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I have a rectangular block in the xy plane with the center of mass that acts in the z direction at an arbitrary place in the plane. I also have 4 legs that support this weight underneath the block. The system is at equilibrium and not moving. These 4 legs can also be arbitrarily placed. The forces on each leg might obviously not be equal based on placement. How do I solve for the force on each leg? I would like a general formula based off the x and y locations of the legs and the center of mass. The Weight of the block will be given.

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Put a coordinate system on the center of mass and place each leg i at $$\vec{r}_i = \pmatrix{x_i, & y_i, & z_i}$$

where $z_i = z_{c}+\theta_x y_i - \theta_y x_i$ describes the vertical deflection of the point, given the center of mass vertical position $z_c$ and the two tilt angles $\theta_x$ and $\theta_y$.

Add vertical loads the each point proportional to the vertical deflection (like linear springs)

$$ \vec{F}_i = \pmatrix{0,&0,& -k z_i} $$

Then sum up the forces and equal them to the weight

$$ k \sum \limits_i z_i = k z_c + k \sum \limits_i (\theta_x y_i - \theta_y x_i) = W $$

$$ z_c = \frac{W - k \sum \limits_i (\theta_x y_i - \theta_y x_i) }{4 k} = \frac{W}{4 k} + x_{ave} \theta_y - y_{ave} \theta_x $$

where $x_{ave} = \frac{1}{4}(x_1+x_2+x_3+x_4)$ and $y_{ave} = \frac{1}{4}(y_1+y_2+y_3+y_4)$

Each load has a net moment at the center of mass

$$ \vec{M}_i = \pmatrix{ y_i (-k z_i), & -x_i (-k z_i) & 0 } $$

With the sum of the moments equals zero used to solve for the tilt angles

$$ \sum \vec{M}_i = \pmatrix{ -k \sum \limits_i y_i (z_c + \theta_x y_i - \theta_y x_i), & k \sum \limits_i x_i (z_c + \theta_x y_i - \theta_y x_i), & 0 } = \pmatrix{0,&0,&0} $$

This creates a 2×2 system of equations in terms of $\theta_x$ and $\theta_y$

$$ \begin{vmatrix} 4 y_{ave}^2 - \sum_i y_i^2 & -4 x_{ave} y_{ave} + \sum_i x_i y_i \\ -4 x_{ave} y_{ave} + \sum_i x_i y_i & 4 x_{ave}^2 - \sum_i x_i^2 \end{vmatrix} \pmatrix{ \theta_x \\ \theta_y } = \frac{W}{k} \pmatrix{ y_{ave} \\ x_{ave} } $$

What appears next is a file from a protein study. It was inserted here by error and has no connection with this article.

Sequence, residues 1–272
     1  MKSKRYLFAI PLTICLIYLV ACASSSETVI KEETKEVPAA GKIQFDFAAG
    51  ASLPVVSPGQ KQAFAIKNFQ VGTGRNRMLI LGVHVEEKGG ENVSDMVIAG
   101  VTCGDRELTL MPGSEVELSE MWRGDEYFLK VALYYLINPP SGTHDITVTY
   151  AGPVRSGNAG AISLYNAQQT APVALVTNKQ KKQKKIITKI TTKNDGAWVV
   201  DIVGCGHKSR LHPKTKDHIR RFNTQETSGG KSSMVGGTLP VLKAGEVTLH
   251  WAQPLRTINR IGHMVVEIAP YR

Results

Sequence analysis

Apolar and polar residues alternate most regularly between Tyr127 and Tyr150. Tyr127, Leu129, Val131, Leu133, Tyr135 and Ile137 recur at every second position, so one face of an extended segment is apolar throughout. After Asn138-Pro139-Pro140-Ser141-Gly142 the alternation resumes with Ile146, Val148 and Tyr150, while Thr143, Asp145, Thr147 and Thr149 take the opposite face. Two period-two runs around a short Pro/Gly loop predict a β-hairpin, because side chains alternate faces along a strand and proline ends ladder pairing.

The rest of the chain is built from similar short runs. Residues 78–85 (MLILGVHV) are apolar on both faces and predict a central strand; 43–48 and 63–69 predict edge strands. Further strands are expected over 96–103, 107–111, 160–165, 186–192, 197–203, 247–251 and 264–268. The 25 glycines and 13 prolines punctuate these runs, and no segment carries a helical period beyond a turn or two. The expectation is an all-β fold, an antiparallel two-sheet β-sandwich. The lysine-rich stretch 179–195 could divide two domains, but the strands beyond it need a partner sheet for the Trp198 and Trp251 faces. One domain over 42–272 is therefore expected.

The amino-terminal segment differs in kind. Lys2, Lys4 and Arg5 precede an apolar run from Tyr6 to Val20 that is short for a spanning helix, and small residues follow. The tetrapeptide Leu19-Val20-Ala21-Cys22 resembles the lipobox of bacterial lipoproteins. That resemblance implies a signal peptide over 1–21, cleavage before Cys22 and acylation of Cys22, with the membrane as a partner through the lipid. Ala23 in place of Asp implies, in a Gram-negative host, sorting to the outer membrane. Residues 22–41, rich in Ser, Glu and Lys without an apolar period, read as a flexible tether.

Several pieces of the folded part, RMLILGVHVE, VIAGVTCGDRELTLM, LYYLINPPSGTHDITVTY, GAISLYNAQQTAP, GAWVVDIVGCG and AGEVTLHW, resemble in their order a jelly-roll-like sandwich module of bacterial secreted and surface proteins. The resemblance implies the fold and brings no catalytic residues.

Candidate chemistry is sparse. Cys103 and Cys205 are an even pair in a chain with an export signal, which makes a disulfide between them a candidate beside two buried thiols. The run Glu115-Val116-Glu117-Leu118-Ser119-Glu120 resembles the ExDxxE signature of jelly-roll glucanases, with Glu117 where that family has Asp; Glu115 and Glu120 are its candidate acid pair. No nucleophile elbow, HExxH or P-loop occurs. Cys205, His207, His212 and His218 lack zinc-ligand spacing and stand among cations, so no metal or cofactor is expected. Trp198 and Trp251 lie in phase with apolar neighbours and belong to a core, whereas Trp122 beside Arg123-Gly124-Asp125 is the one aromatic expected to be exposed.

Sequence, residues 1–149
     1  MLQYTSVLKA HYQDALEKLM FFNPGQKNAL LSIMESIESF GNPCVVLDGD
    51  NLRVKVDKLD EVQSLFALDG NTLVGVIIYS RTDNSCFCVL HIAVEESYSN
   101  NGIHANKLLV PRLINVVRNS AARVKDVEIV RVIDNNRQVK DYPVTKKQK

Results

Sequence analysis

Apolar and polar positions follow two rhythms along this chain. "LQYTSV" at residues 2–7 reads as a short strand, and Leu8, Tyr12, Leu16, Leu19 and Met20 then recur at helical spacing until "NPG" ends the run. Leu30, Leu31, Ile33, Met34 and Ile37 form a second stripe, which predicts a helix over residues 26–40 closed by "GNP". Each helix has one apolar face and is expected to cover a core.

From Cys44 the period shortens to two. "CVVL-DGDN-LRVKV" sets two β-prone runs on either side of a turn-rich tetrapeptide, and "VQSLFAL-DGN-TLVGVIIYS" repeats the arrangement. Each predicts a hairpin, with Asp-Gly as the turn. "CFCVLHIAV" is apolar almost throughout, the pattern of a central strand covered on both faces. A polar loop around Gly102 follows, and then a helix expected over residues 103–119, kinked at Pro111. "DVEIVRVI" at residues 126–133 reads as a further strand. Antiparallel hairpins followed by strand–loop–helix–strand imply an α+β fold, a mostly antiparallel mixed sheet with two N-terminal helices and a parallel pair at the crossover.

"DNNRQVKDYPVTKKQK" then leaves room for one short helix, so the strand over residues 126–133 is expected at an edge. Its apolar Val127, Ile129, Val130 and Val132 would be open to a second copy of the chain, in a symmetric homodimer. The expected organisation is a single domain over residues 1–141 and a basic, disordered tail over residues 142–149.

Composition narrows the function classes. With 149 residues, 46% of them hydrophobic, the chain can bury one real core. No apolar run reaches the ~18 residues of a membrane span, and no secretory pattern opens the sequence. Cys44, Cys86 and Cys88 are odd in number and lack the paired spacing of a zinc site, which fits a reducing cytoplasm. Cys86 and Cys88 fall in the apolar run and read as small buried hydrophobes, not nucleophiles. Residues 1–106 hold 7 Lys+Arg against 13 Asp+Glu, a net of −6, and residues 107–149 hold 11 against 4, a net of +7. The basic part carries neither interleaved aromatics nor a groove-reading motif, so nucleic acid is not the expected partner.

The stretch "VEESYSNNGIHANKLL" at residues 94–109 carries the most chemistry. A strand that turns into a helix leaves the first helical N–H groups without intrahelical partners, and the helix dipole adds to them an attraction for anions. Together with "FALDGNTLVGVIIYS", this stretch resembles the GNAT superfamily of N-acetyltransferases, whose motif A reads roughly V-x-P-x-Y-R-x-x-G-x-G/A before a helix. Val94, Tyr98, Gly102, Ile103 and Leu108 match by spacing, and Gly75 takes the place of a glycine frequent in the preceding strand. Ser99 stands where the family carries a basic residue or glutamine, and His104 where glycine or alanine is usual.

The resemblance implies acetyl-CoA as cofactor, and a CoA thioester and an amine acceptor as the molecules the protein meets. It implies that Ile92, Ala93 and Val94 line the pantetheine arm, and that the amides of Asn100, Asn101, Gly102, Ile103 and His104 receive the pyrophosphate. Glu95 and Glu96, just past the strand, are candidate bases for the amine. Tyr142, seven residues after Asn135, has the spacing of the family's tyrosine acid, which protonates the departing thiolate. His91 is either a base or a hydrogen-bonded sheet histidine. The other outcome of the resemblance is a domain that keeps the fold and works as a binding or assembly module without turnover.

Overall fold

Once the title angles are known they are back substituted into $z_c$ first, then into $z_i$ and finally into $F_i = -k z_i$ to estimate the forces.

In the end, I got this nice expression

$$ \frac{F_i}{W} = \frac{ x_i \left( S_{x} S_{y^2} - S_{xy} S_{y} \right) y_i \left( S_{x^2} S_y - S_x S_{xy} \right) - S_{x^2} S_{y^2}+(S_{xy})^2 } { (S_{x})^2 S_{y^2} - 2 S_{x} S_{xy} S_{y} + S_{x^2} (S_y)^2 - 4 S_{x^2} S_{y^2} + 4 (S_{xy})^2} $$

with

$$\begin{aligned} S_x & = \sum_{i=1}^4 x_i & S_{x^2} & = \sum_{i=1}^4 x_i^2 \\ S_y & = \sum_{i=1}^4 y_i & S_{y^2} & = \sum_{i=1}^4 y_i^2 \\ S_{xy} & = \sum_{i=1}^4 x_i y_i \\ \end{aligned}$$

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  • $\begingroup$ I am currently about to leave work and don't have time to read through in depth. I did a quick scan through and it looks like what I may possibly looking for and correct. I will reply again tomorrow with any questions I may have. Thank you! $\endgroup$ – kmcnamara2 May 23 '16 at 20:54
  • $\begingroup$ Also I have to extend this beyond 4 legs, up to an arbitrary amount of legs ( probably at least 10) im not sure if your solution can be used for more than 4 supports or not. And im glad you chose to represent the legs as spring constants cause that's what they truly are is spring supports with a spring constant $\endgroup$ – kmcnamara2 May 23 '16 at 20:57
  • $\begingroup$ I don't see why it wouldn't work for more than 4 legs. $\endgroup$ – John Alexiou May 23 '16 at 21:39
  • $\begingroup$ Are you assuming that all legs(springs) have the same spring constant? because in this application I can't assume that $\endgroup$ – kmcnamara2 May 24 '16 at 16:42
  • $\begingroup$ Yes I am. To do it otherwise you would need a numeric solver (a mini simulation computer program). This is because maybe not all legs are loaded depending on their lengths. $\endgroup$ – John Alexiou May 24 '16 at 16:43
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The vector sum of the forces will be zero: $$\Sigma \vec{F} = 0$$ If you can assume that the bottom of the block is planer and the weight acts perpendicular to that plane, (i.e., the lengths of the legs are identical) things are much simpler. The weight acts downward and the forces from the legs act upward.

The sum of the torques (moments) about any point will also be zero: $$\Sigma \vec{\Gamma} = 0$$ If you choose one of the legs as your origin, the equations will be simpler.

From the vector form of the torque equation you can write two equations.

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    $\begingroup$ This is a statically indeterminate system as it is called. You have to make assumptions on the flexibility of the part to get the actual load sharing between the legs. $\endgroup$ – John Alexiou May 23 '16 at 15:40
  • $\begingroup$ This is the conclusion that I've come to through work is that it is statically indeterminate. In my situation these legs are actually springs with spring constants that are to be determined based off the force on the spring due to weight and the distance it is from the spring. We are aiming for even deflection on each if possible close to 2'' $\endgroup$ – kmcnamara2 May 23 '16 at 15:46
  • $\begingroup$ and I am assuming the body(block) is rigid $\endgroup$ – kmcnamara2 May 23 '16 at 15:47

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